Yeah, it’s interesting too, because this is a no, maybe it’s a lot. Have an oral tradition being passed down or something but there’s this perspective that oh back, you know, 20 years ago, you know, the Field Sales Rep was, yeah, this whole inefficiency thing. They only make so many calls per day. And as someone who started my career as field salesperson really used primarily, see, I wouldn’t even call the sales teams I grew field sales teams, right? Because we spell the sales team, we spent 75% of our time on the phone. And then when we had to travel, as I told you, I used to travel to Australia a lot. But I went with the specific intent and purpose and everything else. I handled phone and fax and email. Right. So yeah, that doesn’t seem like it’s that different, right? Especially what you just described, you have an inside person sort of directing and then if they need to invoke a field person, they bring that field specialist in models, not that different.


Steve Norman  15:00  

All show and, and I know I was in Dell from 1993 to 2006. Right and, and when we were heavily into inside sales from the beginning and i think i think we mastered that, that balance of inside and outside and we pushed as far as we could so for for the large enterprise accounts, we probably had one one or one to two, or one and a half inside people from each field awesome to do all the preparation and administration and just to keep that fail person fully occupied, you know, to two or three high quality meetings a day with high end enterprise customers. And of course the field person is doing a lot of their own appointment setting as well but you’ve got this like support. And then in what we call the medium sized accounts, you say below 5000 employees or 5000 seats. It was more like four Inside for a field person, right, and we played around with that number alone for free, and we sort of stretched it out to six and it looked like about four was good. And that’s where the inside person really owned the account. And was really doing this direction, right at the enterprise level, the field guide, probably and it was the inside supporting and following up more. And then when we went into what we’ve small business, say below 1000 employees or below 500, it was more like 10 or 12. Right. So we would only get the field person involved. If it was really worthwhile. If we came across a while, you know, the inside guy came across needing your 300 PCs, or I okay, well, we’ll get and you had to, you had to justify getting the field person in, right. So, which was always the case, right? I mean, at least in my experience when I wasn’t working priceless at Dell but a lot of high growth startups and yeah, we have an executive I had to sign off on all the travel. I mean, the whole theory was we traveled when we needed to otherwise we can get through everything we needed remotely, which is I said it’s sort of funny because people people act like they’ll sometimes like a revelation but company has been sort of doing this for a while I think there was this perception that it wasn’t quite that you know, the fields people in their certain industries feel people are in the field all the time. But a lot of B2B situations and certainly in technology are pure. I couldn’t afford to be there all the time, right? We had to be judicious like I guess we got a different point of view because I just think, you know, I want to keep the field person fully occupied in the field as much as possible. And I just think it’s going to be more efficient to have the inside work. The grind work, a lot of that can be done more efficiently by someone who’s at their desk the whole time with access to the system and access to the CRM and doing all of that.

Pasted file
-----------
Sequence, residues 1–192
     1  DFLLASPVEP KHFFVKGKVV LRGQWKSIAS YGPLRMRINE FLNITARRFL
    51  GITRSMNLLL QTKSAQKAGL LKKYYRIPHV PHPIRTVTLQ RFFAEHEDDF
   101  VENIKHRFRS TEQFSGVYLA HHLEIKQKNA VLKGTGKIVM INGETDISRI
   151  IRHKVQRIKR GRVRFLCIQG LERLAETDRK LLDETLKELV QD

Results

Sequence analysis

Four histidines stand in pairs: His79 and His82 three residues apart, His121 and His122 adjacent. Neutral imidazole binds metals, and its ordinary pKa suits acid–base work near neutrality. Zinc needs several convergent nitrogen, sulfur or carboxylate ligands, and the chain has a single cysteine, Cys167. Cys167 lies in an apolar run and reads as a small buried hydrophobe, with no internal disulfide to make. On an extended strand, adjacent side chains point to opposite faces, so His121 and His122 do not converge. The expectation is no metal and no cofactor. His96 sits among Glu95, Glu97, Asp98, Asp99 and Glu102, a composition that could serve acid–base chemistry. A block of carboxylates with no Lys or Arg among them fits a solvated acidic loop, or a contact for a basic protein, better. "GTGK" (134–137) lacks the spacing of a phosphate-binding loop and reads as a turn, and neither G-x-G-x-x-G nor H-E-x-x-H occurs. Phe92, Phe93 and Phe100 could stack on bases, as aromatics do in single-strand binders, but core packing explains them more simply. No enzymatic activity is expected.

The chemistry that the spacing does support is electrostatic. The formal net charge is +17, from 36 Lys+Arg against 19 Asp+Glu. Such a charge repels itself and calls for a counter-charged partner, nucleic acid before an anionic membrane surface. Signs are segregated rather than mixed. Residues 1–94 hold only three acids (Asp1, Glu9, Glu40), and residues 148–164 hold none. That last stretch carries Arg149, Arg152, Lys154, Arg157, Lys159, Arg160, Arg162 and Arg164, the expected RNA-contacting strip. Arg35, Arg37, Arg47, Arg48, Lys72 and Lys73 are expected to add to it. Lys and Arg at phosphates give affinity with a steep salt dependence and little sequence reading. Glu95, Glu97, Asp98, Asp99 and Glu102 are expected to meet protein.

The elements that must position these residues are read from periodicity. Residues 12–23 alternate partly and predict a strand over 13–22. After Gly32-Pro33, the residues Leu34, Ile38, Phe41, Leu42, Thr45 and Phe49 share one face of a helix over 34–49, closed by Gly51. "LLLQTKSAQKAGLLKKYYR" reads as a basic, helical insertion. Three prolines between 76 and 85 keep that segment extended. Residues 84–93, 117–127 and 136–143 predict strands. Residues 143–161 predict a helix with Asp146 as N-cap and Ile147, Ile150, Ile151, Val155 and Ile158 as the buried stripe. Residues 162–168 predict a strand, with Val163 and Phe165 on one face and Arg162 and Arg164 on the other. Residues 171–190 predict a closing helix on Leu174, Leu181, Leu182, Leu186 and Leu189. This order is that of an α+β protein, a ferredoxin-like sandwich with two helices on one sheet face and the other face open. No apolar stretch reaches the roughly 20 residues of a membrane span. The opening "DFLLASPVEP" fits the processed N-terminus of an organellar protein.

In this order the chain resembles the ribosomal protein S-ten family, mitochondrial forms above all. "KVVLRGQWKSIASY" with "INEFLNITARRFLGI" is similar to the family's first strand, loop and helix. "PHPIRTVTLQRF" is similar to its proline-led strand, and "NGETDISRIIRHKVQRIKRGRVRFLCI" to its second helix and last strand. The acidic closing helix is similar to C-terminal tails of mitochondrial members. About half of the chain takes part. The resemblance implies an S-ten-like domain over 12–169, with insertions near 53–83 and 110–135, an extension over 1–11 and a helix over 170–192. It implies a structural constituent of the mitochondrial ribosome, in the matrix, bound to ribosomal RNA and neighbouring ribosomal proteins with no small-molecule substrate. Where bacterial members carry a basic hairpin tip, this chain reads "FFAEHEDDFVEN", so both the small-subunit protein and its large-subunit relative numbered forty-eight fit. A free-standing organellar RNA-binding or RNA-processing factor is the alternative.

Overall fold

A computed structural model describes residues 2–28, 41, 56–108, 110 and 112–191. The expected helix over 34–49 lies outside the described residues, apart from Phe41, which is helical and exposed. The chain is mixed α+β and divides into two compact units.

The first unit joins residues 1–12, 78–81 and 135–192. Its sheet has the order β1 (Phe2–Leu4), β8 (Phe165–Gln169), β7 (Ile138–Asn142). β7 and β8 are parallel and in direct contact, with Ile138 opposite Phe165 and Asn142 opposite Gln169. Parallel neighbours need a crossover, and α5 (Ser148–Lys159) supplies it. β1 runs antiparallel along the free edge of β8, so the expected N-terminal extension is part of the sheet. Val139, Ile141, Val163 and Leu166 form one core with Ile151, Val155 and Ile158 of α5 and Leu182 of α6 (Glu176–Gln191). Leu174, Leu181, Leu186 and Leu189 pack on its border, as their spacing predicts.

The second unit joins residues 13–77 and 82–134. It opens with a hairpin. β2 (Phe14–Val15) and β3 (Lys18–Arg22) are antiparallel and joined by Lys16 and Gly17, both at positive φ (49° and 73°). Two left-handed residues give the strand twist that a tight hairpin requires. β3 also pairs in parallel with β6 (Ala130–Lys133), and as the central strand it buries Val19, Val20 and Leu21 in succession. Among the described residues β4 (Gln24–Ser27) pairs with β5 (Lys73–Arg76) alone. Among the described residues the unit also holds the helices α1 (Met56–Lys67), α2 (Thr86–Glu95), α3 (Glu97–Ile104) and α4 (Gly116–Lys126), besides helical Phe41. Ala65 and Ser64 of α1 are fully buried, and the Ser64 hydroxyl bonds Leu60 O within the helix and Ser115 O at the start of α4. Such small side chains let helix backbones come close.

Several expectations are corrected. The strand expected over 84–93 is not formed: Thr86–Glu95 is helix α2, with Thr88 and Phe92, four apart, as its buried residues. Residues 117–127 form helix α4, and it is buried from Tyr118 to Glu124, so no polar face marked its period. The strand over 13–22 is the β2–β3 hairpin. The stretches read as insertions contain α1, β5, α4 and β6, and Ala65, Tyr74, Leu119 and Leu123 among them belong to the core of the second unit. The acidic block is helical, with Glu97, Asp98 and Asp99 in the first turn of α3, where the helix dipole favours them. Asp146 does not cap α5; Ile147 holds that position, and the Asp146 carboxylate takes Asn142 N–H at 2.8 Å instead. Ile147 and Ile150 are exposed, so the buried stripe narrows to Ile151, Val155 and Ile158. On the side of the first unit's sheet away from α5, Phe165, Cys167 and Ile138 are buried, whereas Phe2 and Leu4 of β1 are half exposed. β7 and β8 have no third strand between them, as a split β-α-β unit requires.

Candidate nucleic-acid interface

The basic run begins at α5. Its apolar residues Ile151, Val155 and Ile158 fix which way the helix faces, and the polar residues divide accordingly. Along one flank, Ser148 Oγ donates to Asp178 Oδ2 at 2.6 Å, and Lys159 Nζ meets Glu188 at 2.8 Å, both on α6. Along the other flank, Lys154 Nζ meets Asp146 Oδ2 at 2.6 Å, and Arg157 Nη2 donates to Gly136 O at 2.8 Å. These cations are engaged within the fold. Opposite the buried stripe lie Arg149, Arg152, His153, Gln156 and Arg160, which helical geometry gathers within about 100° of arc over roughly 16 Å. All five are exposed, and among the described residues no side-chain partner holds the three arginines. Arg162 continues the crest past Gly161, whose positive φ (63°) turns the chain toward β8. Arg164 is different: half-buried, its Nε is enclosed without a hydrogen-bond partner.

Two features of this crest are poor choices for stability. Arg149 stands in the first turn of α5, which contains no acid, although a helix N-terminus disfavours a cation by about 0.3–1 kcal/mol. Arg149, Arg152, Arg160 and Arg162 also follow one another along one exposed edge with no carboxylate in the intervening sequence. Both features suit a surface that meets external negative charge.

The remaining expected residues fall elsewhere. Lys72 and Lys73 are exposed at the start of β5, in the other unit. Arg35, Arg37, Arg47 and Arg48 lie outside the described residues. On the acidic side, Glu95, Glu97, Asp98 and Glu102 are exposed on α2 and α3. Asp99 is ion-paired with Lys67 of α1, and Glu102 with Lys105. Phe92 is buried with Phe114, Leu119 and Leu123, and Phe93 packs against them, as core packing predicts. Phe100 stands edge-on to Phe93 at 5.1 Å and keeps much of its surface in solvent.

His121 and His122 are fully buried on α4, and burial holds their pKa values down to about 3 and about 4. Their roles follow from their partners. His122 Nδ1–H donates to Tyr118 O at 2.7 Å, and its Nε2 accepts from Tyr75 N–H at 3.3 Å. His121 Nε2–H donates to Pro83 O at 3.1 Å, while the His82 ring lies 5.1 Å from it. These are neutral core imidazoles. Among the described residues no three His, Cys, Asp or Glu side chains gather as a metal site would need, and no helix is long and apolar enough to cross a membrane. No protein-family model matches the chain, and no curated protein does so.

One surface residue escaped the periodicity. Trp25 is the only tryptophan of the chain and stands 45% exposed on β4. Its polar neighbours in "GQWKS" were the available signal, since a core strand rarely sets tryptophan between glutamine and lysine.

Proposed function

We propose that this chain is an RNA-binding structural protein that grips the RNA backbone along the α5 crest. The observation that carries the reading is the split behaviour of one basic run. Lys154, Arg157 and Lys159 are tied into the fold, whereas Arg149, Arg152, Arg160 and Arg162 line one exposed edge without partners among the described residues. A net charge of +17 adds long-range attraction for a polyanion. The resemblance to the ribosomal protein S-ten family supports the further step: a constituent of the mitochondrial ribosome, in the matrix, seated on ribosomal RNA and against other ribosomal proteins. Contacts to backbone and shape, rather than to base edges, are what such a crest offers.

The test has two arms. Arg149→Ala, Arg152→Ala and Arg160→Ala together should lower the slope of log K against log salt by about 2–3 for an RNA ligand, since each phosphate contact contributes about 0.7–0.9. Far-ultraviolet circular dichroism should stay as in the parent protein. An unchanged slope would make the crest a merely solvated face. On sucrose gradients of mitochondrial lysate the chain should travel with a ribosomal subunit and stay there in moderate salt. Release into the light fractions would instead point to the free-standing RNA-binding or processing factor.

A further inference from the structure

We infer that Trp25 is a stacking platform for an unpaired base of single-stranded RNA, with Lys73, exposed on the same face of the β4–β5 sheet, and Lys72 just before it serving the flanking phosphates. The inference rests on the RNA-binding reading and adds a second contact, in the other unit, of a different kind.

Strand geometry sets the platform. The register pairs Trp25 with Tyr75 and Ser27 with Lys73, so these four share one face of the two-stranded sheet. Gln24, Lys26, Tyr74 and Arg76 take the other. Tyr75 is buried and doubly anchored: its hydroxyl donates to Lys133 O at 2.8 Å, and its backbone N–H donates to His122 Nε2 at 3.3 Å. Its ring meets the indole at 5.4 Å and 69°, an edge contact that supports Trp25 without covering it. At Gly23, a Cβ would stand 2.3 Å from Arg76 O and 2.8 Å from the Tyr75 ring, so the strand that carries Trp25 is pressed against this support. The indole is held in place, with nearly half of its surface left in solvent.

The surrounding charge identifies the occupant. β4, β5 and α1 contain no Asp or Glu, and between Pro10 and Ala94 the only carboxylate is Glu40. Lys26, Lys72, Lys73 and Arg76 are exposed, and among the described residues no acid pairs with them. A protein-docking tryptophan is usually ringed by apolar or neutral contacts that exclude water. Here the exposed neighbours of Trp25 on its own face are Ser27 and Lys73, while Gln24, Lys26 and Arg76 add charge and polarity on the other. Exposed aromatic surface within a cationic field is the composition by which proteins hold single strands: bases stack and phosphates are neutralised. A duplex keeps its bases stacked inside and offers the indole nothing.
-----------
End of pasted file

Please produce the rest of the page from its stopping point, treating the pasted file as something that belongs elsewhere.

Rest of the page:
Andy Paul  18:13  

Well, I guess we’re not that different, actually. I was just saying as a whole The perception, the perception of today, if you look back 10 years and say, yeah, that didn’t work. That was, it’s like, it’s really not that radically different. I mean, this shows more specialization. But in a lot of the industries that are using inside sales technology from Dell, for instance. Almost always was heavily insight oriented. Oh, yeah, even nominally field. You know, I had nominal field people that all sat at headquarters and they traveled when they needed to, but they’re spending, you know, 75% of their time. inside. Right? Yes, let’s let’s talk about let’s talk about your book. And your seven steps of Future finger sales strategy. And because there’s some really interesting things in there. So step one was employing the right sales structure. We sort of beat that to death here a little bit. Sure. Both things really critically talk about recruiting and promoting the right talent. And yes, the quote from the book about how shockingly ineffective traditional hiring practices are. Yeah, my takeaway was that you were saying that’s really perhaps the most important thing to be done.